Legal tech trends taking shape in 2022

What’s the latest in legal tech this January? iManage‘s legal practice lead Jenny Hotchin walks through the outcomes-driven digital discourse taking shape in SME legal.

Jenny Hotchin, legal practice lead|iManage|

Have you hit a 2022 reset? Or is it business as usual in these unusual business times? As always, there is a lot to think about. The topics, trends and emerging requirements that bubble to the surface every January reveal themselves in articles, podcasts and webinars. It is an exciting time for legal technology, as its outcomes start to shape discourse of growth and strategy.

Blue skies ahead for the cloud

In an article for Legal IT Insider, Macfarlanes’ CIO Andrew Powell shared some survey-based insight about the cloud conversation for law firms. It is a matter of ‘when,’ and not ‘if’, firms are migrating some or all of their systems to the cloud that will fundamentally change the legal tech landscape and law firm infrastructure in the year(s) ahead.

The survey shows that “whereas over 70% of firms’ document management systems were on-premises pre-pandemic, by next year, that figure will be 35%.”

Change should always be motivated by business outcomes. Reasons may include growth, environmental, social and governance (ESG) factors and improved client experience and value. The change itself may cause some short-term disruption, but the payoffs are the rich rewards in end-user collaboration, extended knowledge utility and documentation security.

The convenience truth

When looking at consumer behaviour, one perceives a human need to unlock convenience. The likes of UberEats, DoorDash, Ocado, and Shopify are technology-enabled commerce platforms centred on consumer utility, convenience, and comfort. We’re seeing the same appetite for convenience translating into the legal technology sector.

Law firms want to make it as easy as possible for their people to get work done, not just in terms of greater efficiency but also with respect to how client interact with their law firm(s) off record. We know from the Thomson Reuters Legal Department Operations report 2021 that legal tech investments are up, and simplifying workflows fuels this acceleration.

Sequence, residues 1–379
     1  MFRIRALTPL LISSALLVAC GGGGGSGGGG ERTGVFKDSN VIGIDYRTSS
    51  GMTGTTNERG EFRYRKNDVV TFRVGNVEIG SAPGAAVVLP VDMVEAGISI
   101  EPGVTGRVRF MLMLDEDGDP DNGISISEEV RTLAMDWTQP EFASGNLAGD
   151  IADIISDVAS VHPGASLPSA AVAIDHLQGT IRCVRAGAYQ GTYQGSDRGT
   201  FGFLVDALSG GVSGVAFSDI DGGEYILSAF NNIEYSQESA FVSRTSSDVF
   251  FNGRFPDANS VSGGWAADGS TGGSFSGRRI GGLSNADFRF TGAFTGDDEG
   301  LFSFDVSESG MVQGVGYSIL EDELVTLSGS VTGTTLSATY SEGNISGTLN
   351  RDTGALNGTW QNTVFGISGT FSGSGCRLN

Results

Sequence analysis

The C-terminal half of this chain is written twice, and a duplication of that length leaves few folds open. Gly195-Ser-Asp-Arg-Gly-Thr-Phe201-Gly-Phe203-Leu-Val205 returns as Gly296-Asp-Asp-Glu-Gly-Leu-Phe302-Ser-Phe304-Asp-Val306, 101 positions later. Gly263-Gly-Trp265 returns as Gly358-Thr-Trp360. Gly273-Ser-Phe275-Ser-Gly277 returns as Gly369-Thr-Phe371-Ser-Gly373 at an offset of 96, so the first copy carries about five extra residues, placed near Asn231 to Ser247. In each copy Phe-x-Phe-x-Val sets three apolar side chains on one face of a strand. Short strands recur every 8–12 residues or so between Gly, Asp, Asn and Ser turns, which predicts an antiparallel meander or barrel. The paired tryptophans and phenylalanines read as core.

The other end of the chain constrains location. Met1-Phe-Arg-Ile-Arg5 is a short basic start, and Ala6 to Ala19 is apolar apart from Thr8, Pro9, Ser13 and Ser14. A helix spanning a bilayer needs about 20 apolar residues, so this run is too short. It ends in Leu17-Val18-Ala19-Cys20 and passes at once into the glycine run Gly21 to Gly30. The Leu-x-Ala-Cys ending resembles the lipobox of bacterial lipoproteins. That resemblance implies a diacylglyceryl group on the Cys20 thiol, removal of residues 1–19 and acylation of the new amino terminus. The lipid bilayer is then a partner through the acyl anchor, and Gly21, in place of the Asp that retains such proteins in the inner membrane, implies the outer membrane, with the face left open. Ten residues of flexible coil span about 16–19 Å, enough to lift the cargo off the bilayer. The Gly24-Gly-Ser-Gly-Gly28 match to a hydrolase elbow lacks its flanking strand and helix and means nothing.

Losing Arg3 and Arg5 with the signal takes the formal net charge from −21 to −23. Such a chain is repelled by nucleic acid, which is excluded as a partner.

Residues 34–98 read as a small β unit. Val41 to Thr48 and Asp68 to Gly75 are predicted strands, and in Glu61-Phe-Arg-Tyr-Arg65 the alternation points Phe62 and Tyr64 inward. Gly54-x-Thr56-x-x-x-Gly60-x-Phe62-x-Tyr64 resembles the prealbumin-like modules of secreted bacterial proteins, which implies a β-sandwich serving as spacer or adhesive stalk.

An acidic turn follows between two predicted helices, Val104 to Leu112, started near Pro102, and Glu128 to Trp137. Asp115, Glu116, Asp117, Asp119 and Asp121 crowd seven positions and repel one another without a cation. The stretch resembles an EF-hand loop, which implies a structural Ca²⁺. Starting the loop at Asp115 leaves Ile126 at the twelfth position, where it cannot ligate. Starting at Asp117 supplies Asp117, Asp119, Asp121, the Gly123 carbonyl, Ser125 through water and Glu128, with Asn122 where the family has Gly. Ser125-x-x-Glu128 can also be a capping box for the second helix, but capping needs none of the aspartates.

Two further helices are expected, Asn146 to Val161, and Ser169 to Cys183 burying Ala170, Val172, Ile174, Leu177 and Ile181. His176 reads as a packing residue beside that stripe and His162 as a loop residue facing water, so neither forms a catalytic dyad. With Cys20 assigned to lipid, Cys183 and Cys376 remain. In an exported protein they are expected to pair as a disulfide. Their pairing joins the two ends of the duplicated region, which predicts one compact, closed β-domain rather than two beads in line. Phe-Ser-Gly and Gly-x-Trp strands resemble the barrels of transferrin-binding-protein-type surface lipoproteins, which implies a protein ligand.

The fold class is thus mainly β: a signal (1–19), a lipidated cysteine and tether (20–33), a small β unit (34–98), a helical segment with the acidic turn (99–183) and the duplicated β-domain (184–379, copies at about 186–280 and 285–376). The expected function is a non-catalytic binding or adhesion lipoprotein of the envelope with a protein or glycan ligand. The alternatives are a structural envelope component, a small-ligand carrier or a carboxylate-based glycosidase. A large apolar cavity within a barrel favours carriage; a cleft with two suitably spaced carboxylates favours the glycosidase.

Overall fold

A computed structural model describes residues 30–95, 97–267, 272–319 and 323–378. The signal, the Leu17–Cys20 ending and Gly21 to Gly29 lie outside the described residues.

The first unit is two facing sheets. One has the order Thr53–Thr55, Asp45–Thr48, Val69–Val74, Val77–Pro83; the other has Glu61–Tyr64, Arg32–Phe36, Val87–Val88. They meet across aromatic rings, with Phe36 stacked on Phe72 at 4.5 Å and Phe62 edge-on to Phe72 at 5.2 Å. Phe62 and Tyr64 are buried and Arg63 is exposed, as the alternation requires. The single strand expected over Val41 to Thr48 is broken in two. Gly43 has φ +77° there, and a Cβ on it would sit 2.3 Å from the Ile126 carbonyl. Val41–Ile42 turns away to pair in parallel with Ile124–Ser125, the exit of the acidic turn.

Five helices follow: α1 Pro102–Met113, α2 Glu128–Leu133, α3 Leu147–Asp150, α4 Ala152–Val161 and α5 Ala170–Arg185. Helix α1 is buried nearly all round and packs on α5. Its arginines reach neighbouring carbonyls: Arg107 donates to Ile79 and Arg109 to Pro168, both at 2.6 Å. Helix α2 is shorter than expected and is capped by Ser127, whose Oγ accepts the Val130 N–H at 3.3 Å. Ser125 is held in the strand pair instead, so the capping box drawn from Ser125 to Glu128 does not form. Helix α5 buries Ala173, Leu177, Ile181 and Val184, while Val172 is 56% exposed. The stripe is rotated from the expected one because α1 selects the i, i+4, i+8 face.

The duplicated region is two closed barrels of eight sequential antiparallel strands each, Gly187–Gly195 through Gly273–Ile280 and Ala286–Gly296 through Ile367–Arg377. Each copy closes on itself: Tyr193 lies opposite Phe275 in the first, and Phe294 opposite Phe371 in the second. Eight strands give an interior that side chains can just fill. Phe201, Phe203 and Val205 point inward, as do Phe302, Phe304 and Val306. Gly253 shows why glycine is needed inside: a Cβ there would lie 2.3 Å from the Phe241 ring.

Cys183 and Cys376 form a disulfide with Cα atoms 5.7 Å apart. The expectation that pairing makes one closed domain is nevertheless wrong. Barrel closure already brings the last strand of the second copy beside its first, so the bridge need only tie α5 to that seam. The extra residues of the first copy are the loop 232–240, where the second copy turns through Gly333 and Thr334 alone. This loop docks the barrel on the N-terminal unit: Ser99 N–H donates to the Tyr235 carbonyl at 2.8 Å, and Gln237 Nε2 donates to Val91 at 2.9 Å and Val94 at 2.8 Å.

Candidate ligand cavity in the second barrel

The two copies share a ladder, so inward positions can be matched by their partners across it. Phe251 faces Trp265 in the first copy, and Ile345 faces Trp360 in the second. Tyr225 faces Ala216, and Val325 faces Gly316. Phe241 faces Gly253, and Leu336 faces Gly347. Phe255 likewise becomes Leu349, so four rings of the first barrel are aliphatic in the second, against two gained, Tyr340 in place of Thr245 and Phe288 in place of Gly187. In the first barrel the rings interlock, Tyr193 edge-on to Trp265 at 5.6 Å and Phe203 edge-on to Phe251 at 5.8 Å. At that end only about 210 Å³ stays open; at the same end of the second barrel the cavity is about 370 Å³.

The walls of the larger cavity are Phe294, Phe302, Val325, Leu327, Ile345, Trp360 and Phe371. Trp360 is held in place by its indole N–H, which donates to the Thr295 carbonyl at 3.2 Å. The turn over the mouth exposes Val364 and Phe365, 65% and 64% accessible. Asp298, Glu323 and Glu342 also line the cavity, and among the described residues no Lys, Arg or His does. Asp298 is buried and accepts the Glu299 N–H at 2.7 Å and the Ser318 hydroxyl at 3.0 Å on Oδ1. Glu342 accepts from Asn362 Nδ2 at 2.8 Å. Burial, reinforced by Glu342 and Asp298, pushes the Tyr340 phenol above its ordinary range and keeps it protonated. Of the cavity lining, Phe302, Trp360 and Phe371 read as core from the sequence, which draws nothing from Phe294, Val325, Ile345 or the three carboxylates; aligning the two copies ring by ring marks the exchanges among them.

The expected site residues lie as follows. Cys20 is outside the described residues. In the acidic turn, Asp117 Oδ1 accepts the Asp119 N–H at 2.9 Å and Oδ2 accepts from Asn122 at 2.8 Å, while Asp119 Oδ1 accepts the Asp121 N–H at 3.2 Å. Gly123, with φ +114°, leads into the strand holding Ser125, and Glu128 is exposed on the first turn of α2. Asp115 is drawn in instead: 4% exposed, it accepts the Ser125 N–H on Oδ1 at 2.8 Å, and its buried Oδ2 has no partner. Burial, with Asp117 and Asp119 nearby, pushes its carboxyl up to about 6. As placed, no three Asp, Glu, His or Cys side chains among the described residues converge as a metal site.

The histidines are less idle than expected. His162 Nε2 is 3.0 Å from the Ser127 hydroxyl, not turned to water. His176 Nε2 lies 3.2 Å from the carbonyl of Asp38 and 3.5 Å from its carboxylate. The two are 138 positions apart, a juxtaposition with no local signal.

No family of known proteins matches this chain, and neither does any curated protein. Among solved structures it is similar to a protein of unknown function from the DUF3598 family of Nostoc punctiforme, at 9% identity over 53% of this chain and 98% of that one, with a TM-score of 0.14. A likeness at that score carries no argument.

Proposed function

Time to get social?

2021 saw the social media savvy lawyer come to the fore, and this year is likely to be no different. Some legal professionals seek to make a connection that they physically cannot, as watercooler conversations dry up. Many are using social channels to raise their profiles, others tapping into the opportunities it brings to share knowledge. Perhaps, in tandem with the first motivating factor, some are using it to generate new business.

The Lawrina Blog, in its 2022 trends piece, shows ABA research putting 80% of law firms having an active presence on social media platforms. As with many industries, LinkedIn, Facebook and Twitter are where the conversations happen, but the conversation is also bubbling away on more niche platforms.


My hope for 2022? Any endeavours to improve, refine, and maximise the end-user convenience and client value of making knowledge work is orchestrated around the principle that legal tech can only succeed with people delivering better business outcomes in tandem with technology. End-user adoption of legal-tech enabled ways of working is what achieves the outcomes law firms are seeking with their technology investments.

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